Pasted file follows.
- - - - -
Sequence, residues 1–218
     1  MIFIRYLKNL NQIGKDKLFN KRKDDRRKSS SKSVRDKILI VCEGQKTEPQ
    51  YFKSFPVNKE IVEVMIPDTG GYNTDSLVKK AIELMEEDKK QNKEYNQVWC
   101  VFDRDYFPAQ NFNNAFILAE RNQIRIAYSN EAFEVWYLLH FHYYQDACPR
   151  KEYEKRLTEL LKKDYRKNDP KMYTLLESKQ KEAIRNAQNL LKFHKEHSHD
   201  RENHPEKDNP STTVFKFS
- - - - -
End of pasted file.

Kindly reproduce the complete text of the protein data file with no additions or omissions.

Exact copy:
Sequence, residues 1–218
     1  MIFIRYLKNL NQIGKDKLFN KRKDDRRKSS SKSVRDKILI VCEGQKTEPQ
    51  YFKSFPVNKE IVEVMIPDTG GYNTDSLVKK AIELMEEDKK QNKEYNQVWC
   101  VFDRDYFPAQ NFNNAFILAE RNQIRIAYSN EAFEVWYLLH FHYYQDACPR
   151  KEYEKRLTEL LKKDYRKNDP KMYTLLESKQ KEAIRNAQNL LKFHKEHSHD
   201  RENHPEKDNP STTVFKFS